West Oxfordshire Local Plan Housing Consultation

Demographic Projections

4.5 Demographic projections provide a starting point for considering how many new homes might be needed in the future. There are two key variables: future population (the number and mix of people that are likely to reside in an area) and household formation (how likely those people are to form new households and therefore require housing).

4.6 Importantly, population and household projections are 'trend-based' and identify what would happen if past-trends were to continue. As such, they must be treated with caution to ensure they are not affected by any particular 'one-off' events such as a large housing development, or closure of a major employer.

4.7 The latest Government household projections for Oxfordshire are set out in Table 4.2 below:

Table 4.2 - Interim Household Projections for Oxfordshire 2011 - 2021 (Source: DCLG) 


Households 2011

Households 2021

Change in households

% change from 2011











South Oxfordshire










West Oxfordshire











4.8 In West Oxfordshire the number of households is projected to increase by 5,274 over the 10-year period 2011 - 2021 (527 per annum). It is important to consider whether this is a realistic scenario or not. The graph below shows how the projection compares with actual household numbers in previous years.

Figure 4.1 - Number of Households in West Oxfordshire 1991 - 2021

Figure 4.1 - Number of Households in West Oxfordshire 1991 - 2021



4.9 It is evident that:

  • Between 1991 and 2001 the number of households in West Oxfordshire increased by 3,372 (337 per annum)
  • Between 2001 and 2011, the number of households increased by 4,964 (496 per annum)
  • Over the 20-year period 1991 - 2011 the number of households increased by 8,336 (417 per annum)

4.10 The latest household projection to 2021 is therefore higher than any of these previous trends and the reasons for this must be carefully considered.

4.11 It is also important to consider how the projections for West Oxfordshire compare with other areas. Notably, in percentage terms, West Oxfordshire's projected increase in households to 2021 (12.1%) is much higher than the county average (7.0%) and is also above the regional (10.8%) and national (10.0%) averages.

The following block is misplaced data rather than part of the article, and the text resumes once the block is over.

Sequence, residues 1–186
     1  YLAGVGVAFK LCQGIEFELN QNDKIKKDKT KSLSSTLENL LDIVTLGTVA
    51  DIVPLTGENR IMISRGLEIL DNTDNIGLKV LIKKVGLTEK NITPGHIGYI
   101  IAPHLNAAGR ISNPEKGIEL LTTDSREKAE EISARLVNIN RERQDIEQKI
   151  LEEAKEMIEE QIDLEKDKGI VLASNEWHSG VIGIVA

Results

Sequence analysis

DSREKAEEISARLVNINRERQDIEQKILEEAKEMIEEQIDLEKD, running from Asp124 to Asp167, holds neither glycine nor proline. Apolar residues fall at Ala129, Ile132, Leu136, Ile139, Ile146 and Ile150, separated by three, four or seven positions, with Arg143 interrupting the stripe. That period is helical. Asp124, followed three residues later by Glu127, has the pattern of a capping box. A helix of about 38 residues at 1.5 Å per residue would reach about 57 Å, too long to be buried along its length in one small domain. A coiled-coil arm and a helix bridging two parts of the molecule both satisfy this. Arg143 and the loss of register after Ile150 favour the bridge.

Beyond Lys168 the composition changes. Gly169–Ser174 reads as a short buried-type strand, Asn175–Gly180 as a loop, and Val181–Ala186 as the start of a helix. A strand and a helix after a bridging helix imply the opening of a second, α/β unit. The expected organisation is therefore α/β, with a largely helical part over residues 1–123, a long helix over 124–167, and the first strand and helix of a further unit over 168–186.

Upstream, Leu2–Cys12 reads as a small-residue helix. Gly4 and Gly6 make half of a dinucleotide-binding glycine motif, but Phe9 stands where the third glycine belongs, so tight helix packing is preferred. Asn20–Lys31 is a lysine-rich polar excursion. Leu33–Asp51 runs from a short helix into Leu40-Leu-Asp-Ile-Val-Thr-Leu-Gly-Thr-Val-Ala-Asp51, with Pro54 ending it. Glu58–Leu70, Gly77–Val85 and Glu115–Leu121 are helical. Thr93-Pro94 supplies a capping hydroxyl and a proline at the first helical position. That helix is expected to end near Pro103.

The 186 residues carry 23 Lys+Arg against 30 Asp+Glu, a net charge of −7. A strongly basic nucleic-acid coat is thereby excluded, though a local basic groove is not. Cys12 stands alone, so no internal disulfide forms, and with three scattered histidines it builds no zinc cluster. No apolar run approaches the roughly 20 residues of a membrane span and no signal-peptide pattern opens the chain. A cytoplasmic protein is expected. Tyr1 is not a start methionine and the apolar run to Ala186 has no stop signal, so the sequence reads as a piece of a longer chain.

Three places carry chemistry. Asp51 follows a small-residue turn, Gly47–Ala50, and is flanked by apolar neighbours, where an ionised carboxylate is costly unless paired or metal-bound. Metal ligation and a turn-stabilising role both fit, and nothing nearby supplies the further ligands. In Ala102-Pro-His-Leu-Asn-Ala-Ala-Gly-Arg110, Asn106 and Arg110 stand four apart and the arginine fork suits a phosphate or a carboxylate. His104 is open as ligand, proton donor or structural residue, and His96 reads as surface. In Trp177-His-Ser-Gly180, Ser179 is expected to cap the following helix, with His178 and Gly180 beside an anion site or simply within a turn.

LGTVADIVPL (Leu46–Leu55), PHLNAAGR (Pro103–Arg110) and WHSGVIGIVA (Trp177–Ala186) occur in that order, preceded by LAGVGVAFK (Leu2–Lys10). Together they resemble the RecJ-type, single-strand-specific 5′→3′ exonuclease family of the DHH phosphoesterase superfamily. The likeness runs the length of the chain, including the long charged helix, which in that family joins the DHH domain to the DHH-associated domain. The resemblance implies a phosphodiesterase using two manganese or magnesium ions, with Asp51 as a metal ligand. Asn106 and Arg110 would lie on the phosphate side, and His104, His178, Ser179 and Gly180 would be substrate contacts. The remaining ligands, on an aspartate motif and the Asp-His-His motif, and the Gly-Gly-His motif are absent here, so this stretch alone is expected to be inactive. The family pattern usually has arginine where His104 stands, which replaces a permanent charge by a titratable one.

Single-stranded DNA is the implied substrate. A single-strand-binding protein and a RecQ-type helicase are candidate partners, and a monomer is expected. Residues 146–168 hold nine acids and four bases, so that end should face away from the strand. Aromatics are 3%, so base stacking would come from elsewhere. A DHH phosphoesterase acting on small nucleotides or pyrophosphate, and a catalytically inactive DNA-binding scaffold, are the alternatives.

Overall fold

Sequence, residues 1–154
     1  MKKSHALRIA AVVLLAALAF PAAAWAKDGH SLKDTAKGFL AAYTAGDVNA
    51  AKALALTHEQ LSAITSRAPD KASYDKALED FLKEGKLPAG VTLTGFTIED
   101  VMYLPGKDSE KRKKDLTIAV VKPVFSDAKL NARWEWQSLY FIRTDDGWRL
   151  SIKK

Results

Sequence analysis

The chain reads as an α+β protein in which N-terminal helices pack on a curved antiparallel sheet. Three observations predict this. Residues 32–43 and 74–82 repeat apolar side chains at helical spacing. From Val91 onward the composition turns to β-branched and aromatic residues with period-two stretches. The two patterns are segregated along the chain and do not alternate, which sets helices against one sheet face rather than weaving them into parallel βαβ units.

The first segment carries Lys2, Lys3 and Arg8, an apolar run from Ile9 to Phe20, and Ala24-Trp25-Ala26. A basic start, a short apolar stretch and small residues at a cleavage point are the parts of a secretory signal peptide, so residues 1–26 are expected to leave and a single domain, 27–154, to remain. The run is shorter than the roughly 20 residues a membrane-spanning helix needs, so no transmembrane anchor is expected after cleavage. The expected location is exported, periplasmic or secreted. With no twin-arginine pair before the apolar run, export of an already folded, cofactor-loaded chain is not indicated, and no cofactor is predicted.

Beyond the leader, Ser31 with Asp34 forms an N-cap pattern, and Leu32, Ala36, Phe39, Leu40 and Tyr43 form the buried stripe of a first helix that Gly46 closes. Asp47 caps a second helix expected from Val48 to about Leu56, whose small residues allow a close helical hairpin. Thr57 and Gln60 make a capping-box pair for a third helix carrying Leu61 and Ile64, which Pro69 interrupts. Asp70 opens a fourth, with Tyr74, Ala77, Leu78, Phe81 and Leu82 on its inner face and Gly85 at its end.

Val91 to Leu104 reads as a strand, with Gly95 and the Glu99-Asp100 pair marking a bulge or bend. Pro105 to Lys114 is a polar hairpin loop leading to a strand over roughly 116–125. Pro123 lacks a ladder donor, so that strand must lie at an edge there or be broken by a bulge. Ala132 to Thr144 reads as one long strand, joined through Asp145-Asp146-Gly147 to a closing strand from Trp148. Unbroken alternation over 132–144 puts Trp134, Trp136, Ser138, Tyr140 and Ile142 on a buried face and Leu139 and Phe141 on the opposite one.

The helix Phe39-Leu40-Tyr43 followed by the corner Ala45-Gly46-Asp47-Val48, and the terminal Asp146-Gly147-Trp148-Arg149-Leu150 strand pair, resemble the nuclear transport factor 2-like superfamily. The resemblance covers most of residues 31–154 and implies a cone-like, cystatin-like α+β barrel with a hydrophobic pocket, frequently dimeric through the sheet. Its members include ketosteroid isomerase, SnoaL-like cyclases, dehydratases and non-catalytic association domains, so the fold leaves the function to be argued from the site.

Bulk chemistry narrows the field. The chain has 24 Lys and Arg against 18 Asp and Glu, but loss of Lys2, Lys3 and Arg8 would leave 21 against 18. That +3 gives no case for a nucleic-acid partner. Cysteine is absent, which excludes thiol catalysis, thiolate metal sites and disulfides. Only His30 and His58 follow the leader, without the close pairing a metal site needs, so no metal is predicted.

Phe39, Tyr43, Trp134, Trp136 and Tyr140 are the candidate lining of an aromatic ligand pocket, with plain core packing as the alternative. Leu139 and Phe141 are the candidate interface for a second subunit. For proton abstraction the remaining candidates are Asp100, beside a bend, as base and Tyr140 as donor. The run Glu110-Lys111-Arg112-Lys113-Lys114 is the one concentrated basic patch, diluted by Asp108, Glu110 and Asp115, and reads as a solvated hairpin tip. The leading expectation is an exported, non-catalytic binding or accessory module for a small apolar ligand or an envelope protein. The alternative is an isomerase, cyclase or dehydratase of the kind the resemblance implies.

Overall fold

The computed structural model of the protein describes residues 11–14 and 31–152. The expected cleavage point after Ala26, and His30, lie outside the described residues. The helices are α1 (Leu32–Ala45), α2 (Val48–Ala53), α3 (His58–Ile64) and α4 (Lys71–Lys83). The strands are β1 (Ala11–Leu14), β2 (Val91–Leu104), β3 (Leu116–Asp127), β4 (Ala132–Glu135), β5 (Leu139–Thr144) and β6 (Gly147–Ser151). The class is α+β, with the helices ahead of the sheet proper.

4.12 It is also significantly higher than neighbouring Cotswold District, which has a projected increase of just 2,583 households by 2021 (258 per annum) a 7.1% increase, despite the similar characteristics to West Oxfordshire.

4.13 The key question is whether the household projections for West Oxfordshire are a reasonable basis upon which to identify a Local Plan housing target.

4.14 As part of the SHMA process, the consultants have sought to interrogate the official DCLG household projections and have prepared two alternative projections.

4.15 The first projection uses the official DCLG figures and extends them to 2031. Table 4.3 sets out the results for each authority.

Table 4.3 - SHMA Projection 1 Results for Oxfordshire (Source: Tables 33 - 42 Oxfordshire SHMA (2014)


Population increase per annum

Population increase total (2011 - 2031)

Housing numbers per annum

Housing numbers total

(2011 - 2031)






Oxford City





South Oxon










West Oxon






4.16 For West Oxfordshire the number of homes needed under this projection is 512 per year.

4.17 The second demographic projection extends the DCLG projection to 2031 and also updates some data anomalies relating to migration. These changes mainly affect Oxford City but also have an effect on the other Oxfordshire authorities. The results are set out in Table 4.4 below.

Table 4.4 - SHMA Projection 2 Results for Oxfordshire (Source: Tables 33 - 42 Oxfordshire SHMA (2014)


Population increase per annum

Population increase total

(2011 - 2031)

Housing numbers per annum

Housing numbers total

(2011 - 2031)






Oxford City





South Oxon










West Oxon






4.18 Under this projection the number of homes needed increases in all areas with the exception of Cherwell. For West Oxfordshire, it increases to 541 homes per year. The SHMA suggests that this second projection represents the starting point for identifying overall housing need.

4.19 Importantly, Government practice guidance emphasises that the weight to be afforded to household projections should take account of the fact that they have not been tested or moderated against relevant constraints. It states that:

'Because household projections are based on past trends, if a Council has robust evidence that past high delivery rates that inform the projections are no longer realistic - for example they relied on a particular set of circumstances that could not be expected to occur again - they can adjust their projections down accordingly'.